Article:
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What Is Psychological Manipulation?

Psychological manipulation may involve the act of bullying.
Psychological manipulators may use sympathy to coerce others into doing what they want.
Psychological manipulators will most likely experience problems with personal relationships.
Victims of psychological manipulation may be emotionally damaged by the experience.
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  • Written By: Marjorie McAtee
  • Edited By: W. Everett
  • Last Modified Date: 29 October 2014
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Psychological manipulation, also known as emotional manipulation, is a form of coercion or persuasion. It can involve brainwashing or bullying, and is usually deceptive or abusive in nature. It is usually employed in an attempt to control the behavior of others. It typically uses various forms of abuse, such as emotional blackmail, to coerce others into doing things that they may not want to do.

People who practice this behavior generally use bullying, brainwashing, or mind control tactics to get others to do things for them. Manipulative people may lack appropriate sensitivity and caring for others, or they may believe that manipulating others is the best way to get what they want. Manipulative people may be afraid to form healthy relationships, or afraid of not being accepted. Manipulative behaviors often stem from an inability to accept responsibility for one's own life, problems, and behaviors. Psychological manipulation tactics are often employed in an attempt to foist that responsibility off on others.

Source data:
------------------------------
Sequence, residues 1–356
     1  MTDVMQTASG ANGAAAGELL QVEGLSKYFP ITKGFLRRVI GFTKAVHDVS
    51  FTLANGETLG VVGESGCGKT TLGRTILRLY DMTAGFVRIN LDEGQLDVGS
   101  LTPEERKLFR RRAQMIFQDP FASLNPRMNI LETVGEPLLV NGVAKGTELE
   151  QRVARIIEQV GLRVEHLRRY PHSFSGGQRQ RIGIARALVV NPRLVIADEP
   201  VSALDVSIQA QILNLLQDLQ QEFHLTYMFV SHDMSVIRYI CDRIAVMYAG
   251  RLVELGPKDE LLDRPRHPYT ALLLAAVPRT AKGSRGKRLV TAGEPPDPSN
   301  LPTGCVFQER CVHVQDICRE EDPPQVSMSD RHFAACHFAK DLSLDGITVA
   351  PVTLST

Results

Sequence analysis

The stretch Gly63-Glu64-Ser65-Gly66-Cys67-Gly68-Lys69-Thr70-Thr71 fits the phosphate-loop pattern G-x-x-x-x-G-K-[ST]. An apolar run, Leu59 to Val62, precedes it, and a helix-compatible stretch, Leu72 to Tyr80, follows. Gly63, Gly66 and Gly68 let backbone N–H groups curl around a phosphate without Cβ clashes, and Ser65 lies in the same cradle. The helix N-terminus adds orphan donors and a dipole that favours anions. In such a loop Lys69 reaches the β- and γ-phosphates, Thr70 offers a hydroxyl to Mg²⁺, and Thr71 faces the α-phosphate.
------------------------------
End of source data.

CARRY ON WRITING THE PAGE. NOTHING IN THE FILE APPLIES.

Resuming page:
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Most manipulators use the same mind control tactics to exercise influence over others. Emotional blackmail is considered one such tactic, in which the psychological manipulator seeks to inspire guilt or sympathy in the manipulated person. Guilt and sympathy are considered two of the strongest human emotions, and are capable of spurring most people into action. Manipulative people often take advantage of this, using guilt or sympathy to coerce others into helping or cooperating with them. They are often capable of inspiring degrees of guilt or sympathy vastly disproportionate to the situation at hand.

Another tactic used in manipulation is a form of abuse known as crazy-making. Crazy-making usually aims to foster self-doubt in the manipulated person, to the point where some victims may in fact feel as if they are going crazy. Crazy-making tactics can involve passive-aggressive behavior. A manipulative person might express approval or support verbally, while giving contradictory non-verbal cues. Those who use psychological manipulation might even actively attempt to undermine certain behaviors, all while openly claiming to support or approve of them. They may employ deception, rationalization, justification, and even outright denial of any ill intent if confronted with their behavior.